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Population Differences in Sensitivity to UV-B Radiation for Larval Long-Toed Salamanders
Lisa K. Belden and Andrew R. Blaustein
Vol. 83, No. 6 (Jun., 2002), pp. 1586-1590
Stable URL: http://www.jstor.org/stable/3071978
Page Count: 5
You can always find the topics here!Topics: Larvae, Amphibians, Larval development, Species, Salamanders, Radiation tolerance, Frogs, Population ecology, Embryos, Population decline
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Ultraviolet-B radiation (UV-B; 280-320 nm) penetrates some aquatic habitats to biologically significant depths and can alter life histories of aquatic organisms, including algae, zooplankton, fish, and amphibians. Although major species differences have been documented for UV-B sensitivity, few studies have examined differences between populations of the same species. Previous work has suggested the hypothesis that larval long-toed salamanders (Ambystoma macrodactylum) from valley populations (~ 100 m elevation) were more sensitive to UV-B exposure than larvae from mountain populations (above 500 m elevation). To test this hypothesis in the absence of possible other confounding environmental effects, we brought early-stage embryos into the laboratory from three valley populations and five mountain populations from Oregon and Washington and raised them under identical conditions without UV-B for two months after hatching. Larvae from each population were then placed under UV-B lighting, and we recorded their growth and survivorship for three weeks. Larvae from all populations had higher mortality when exposed to UV-B than when shielded from UV-B. However, individuals from low-elevation populations exposed to UV-B had significantly lower survivorship than did those from high-elevation populations, suggesting an elevational difference in UV-B sensitivity. In all populations, individuals exposed to UV-B were smaller than shielded individuals after one week. If UV-B is a factor in determining the long-term persistence of some amphibian species, an understanding of within-species variation is critical.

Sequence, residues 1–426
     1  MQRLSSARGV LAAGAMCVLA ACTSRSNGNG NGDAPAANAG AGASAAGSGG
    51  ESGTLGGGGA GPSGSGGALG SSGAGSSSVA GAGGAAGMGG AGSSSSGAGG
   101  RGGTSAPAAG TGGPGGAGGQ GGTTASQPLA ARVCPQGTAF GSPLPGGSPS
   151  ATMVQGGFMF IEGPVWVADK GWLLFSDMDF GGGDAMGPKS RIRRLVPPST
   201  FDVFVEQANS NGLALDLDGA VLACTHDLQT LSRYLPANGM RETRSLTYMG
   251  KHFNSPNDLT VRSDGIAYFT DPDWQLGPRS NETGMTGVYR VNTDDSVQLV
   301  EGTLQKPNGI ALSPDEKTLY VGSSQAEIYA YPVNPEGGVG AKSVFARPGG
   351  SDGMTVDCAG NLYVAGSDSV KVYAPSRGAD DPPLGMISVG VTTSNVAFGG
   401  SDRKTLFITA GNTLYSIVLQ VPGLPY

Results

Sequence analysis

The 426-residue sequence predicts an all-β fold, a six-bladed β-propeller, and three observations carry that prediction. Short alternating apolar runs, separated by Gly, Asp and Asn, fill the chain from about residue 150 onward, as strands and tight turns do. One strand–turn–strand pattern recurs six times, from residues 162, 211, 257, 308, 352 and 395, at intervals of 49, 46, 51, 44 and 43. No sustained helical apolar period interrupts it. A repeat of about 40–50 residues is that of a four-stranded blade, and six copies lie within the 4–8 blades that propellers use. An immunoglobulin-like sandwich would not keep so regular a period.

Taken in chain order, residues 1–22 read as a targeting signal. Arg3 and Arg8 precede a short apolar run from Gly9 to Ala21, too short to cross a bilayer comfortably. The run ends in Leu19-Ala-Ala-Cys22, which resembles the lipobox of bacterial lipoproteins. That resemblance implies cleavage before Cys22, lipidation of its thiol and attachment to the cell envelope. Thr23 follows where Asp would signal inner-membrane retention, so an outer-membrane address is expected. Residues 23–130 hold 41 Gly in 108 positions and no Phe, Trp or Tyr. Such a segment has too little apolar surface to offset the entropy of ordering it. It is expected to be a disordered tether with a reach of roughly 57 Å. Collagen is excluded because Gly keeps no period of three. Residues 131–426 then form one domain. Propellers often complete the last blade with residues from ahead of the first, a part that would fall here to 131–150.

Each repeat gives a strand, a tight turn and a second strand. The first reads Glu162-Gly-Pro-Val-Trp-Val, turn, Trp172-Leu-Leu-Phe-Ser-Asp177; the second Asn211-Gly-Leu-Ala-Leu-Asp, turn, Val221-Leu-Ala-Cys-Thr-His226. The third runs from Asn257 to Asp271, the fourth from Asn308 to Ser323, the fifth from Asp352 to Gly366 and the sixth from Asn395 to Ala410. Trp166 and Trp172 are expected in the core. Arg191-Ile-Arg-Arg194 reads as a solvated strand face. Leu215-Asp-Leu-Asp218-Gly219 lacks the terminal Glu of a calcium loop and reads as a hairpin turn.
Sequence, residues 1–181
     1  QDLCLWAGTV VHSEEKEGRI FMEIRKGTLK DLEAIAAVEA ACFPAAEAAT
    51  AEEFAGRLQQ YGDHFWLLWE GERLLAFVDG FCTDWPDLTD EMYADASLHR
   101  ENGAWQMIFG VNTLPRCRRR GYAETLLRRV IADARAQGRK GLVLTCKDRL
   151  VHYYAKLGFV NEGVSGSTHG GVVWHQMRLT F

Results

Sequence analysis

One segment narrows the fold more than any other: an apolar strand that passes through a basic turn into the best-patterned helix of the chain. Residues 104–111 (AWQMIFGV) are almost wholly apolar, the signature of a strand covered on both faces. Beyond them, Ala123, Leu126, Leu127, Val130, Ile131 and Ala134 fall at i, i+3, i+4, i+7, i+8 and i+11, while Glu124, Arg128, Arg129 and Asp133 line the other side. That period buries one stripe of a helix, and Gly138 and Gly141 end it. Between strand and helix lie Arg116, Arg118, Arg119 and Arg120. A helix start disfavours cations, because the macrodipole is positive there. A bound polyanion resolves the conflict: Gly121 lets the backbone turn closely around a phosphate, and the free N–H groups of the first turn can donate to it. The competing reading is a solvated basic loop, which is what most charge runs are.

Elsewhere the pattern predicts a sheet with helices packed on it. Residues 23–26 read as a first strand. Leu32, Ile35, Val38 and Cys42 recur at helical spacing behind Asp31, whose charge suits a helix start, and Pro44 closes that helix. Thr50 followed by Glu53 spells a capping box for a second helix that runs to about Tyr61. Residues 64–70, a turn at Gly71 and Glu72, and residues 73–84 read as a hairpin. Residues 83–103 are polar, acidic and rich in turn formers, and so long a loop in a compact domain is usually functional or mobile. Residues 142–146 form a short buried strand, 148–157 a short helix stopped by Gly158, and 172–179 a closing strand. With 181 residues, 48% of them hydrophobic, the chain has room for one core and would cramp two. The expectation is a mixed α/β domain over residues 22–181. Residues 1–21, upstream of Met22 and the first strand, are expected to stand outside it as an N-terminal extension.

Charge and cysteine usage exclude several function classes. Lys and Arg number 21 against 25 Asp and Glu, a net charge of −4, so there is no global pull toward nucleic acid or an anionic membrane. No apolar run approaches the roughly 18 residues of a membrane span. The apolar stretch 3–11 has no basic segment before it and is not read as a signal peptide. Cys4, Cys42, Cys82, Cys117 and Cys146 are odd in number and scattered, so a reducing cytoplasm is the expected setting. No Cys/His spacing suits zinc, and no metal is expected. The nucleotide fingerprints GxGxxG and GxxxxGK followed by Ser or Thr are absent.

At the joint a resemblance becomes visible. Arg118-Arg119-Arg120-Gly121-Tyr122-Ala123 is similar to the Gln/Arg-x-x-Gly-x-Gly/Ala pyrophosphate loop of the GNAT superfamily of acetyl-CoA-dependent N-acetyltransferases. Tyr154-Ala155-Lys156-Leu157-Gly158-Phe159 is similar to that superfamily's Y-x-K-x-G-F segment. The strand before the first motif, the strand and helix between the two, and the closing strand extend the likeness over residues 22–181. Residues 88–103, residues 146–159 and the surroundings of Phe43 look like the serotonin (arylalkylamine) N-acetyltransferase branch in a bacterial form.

Ecology © 2002 Wiley